Saudi energy minister says market to remain oversupplied by March 2018

Saudi Arabia's Energy Minister Khalid al-Falih talks to journalists before the beginning of a meeting of the Organization of the Petroleum Exporting Countries (OPEC) in Vienna, Austria, on May 25, 2017. (REUTERS/Leonhard Foeger/File Photo)
Updated 17 November 2017
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Saudi energy minister says market to remain oversupplied by March 2018

BONN, Germany: The world will still have a surplus of oil by end-March next year, Saudi Arabia’s energy minister said on Thursday, signaling a willingness to extend output cuts when OPEC meets at the end of November on whether to extend caps well into 2018.
Khalid Al-Falih also said he did not want oil prices to rise too fast and too soon to shock consumers, adding that the exit from production cuts would be gradual to make sure market reaction is smooth.
“We need to recognize that by the end of March we’re not going to be at the level we want to be which is the five-year average, that means an extension of some sort,” he said, referring to inventory levels in the developed world.
“We have gone over 50 percent in reducing excess inventories but that means we still have some excessive inventories that we need to drain,” he told journalists on the sidelines of the UN climate conference in Bonn, Germany.
“We don’t want any spikes in price that shock the market. We don’t want any price movements that are unhealthy for demand. We don’t think we’ve seen any of that yet but that’s a potential especially if God forbid we have disruptions in any major country. We’re hopeful none of this will happen.”
Asked about the most recent spike in oil prices to a two-year high this month he said, “I am not distracted by short-term gyrations in prices and I certainly don’t spend time looking at hedge funds and the flows into financial investment instruments.”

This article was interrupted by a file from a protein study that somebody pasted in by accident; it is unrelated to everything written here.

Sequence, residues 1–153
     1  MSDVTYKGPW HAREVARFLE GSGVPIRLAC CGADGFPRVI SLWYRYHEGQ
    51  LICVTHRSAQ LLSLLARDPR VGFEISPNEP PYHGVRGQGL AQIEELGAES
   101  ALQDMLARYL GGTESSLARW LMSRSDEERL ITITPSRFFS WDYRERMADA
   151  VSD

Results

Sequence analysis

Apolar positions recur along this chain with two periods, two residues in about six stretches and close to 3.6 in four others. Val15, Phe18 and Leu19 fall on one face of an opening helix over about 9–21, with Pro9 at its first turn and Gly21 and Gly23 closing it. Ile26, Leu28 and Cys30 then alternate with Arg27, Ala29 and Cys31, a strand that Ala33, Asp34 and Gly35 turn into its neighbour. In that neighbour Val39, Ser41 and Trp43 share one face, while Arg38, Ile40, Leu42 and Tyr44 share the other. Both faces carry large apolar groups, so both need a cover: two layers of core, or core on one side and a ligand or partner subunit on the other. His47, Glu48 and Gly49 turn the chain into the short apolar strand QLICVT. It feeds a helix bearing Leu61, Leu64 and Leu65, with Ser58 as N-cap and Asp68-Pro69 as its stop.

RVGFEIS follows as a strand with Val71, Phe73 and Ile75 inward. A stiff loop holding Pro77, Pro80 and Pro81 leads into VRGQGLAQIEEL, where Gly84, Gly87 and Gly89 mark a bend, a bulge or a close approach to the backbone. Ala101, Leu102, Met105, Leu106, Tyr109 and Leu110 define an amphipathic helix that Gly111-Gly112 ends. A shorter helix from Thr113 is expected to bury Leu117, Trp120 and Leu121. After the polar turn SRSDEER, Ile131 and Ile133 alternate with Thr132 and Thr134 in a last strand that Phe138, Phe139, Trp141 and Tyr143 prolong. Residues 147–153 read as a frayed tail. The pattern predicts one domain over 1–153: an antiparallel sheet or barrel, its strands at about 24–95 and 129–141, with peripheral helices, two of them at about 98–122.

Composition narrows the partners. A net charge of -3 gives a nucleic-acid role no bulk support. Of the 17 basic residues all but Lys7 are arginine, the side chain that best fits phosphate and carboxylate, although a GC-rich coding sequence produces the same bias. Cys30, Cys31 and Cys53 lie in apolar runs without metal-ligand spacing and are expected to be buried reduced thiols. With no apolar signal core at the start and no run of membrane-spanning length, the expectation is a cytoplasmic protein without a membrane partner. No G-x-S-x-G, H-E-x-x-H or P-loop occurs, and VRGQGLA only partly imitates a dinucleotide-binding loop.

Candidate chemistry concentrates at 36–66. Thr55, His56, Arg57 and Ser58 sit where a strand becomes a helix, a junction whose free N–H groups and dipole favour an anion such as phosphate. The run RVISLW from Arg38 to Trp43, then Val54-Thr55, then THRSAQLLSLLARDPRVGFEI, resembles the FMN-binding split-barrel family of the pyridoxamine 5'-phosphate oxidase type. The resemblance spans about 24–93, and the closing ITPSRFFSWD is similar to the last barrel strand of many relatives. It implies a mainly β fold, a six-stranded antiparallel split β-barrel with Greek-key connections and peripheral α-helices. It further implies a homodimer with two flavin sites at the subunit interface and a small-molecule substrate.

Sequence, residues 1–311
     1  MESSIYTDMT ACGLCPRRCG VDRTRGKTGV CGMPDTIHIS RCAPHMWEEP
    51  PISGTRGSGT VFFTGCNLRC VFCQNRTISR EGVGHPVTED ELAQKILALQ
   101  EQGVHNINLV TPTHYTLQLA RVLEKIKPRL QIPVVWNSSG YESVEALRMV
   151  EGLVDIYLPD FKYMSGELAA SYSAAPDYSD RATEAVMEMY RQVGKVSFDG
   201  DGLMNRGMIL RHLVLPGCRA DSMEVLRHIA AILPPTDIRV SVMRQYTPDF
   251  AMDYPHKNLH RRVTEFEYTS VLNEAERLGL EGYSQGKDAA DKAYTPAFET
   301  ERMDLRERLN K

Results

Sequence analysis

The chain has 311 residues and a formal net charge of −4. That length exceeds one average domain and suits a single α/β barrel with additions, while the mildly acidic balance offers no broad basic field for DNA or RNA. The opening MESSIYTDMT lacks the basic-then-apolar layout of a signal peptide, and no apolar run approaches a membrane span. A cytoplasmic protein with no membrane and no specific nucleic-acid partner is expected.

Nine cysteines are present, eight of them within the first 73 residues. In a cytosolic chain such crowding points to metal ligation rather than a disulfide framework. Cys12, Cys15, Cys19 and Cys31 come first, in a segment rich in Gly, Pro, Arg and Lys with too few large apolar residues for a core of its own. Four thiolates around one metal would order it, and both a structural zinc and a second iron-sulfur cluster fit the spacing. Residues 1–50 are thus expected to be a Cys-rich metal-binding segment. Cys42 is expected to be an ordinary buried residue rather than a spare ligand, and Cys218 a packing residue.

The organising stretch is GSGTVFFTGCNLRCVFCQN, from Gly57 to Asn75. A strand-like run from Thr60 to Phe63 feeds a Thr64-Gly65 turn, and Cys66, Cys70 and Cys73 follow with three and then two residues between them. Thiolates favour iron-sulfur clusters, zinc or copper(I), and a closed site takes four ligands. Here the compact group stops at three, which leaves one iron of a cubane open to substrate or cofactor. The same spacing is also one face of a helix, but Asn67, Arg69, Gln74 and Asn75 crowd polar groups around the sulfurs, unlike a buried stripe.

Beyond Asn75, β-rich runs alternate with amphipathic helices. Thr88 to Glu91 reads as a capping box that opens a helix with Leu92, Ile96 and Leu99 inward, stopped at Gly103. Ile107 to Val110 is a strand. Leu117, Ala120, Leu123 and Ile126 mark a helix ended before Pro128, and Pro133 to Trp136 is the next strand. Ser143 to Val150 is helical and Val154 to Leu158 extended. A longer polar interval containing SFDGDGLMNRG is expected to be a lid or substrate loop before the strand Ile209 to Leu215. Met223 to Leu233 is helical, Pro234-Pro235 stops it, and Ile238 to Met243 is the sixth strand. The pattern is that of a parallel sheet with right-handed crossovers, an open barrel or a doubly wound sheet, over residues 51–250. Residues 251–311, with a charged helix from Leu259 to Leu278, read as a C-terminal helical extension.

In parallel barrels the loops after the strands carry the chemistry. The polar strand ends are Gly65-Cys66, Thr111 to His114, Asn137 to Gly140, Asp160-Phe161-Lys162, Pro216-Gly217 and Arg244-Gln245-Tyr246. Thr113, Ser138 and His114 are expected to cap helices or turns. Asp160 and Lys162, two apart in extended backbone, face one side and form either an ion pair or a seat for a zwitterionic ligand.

Falih said it was too early to make an assessment on a possible extension to OPEC’s global oil output cuts now, but said Saudi Arabia favors making an extension decision at the next OPEC meeting at the end of the month.
“The November 30 meeting will be an important milestone to announce the way forward. My preference is to give clarity to the market and announce on November 30 what we’re going to do.”
He said Riyadh was in extensive consultations with all colleagues around the world within and outside OPEC.
Asked whether Russia was committed, Falih said: “I have had extensive consultations with my Russian colleagues and I will have some more in the next two weeks, but I know one thing is that the Russians are committed to working with Saudi Arabia and with the rest of the 24 countries that have come together last year.”
He said OPEC will have a better picture closer to the meeting on market fundamentals that will help in making the decision.
“We are waiting for October data to be fully developed and shared with the technical team,” Falih said.
“We’re also waiting for better projections of the fourth and first quarter which are typically lower demand and we will have picture of supply from sources that are not part of the deal. That will give us better predictions on when markets will balance as well as finishing the consultation.”
Asked how OPEC would deal with potential supply shocks to the market including from OPEC member Venezuela where oil production hit a 28-year low recently, he said OPEC’s reaction would depend on the length of the disruption.
“If anything is extended then we will take proper action to make sure that consumers around the world are not short of oil.”
“I assure you that nobody will be short of oil but at the same time we will not stop our current action until global inventories are rebalanced,” he said.

Exit strategy
Asked what OPEC’s exit strategy from the supply control deal was, Falih said it would be one of gradual adjustment.
“We’ve done our reduction in a gradual way at the beginning of this year and it has worked beautifully so far.”
“We will be very mindful when the agreement ends ... so that we don’t enter a period of excess supply that builds inventories again,” he added.
Falih said Saudi Arabia’s market share remains “healthy” despite the cuts to its exports.
“We’re still number one or number two in all the major markets that we target like Japan, China, Korea, India.”
But in the United States, he said, Saudi Arabia deliberately trimmed its supply because it was an oversupplied market. He said USexports were already at 2 million bpd and the Americas as a region is also a major producer.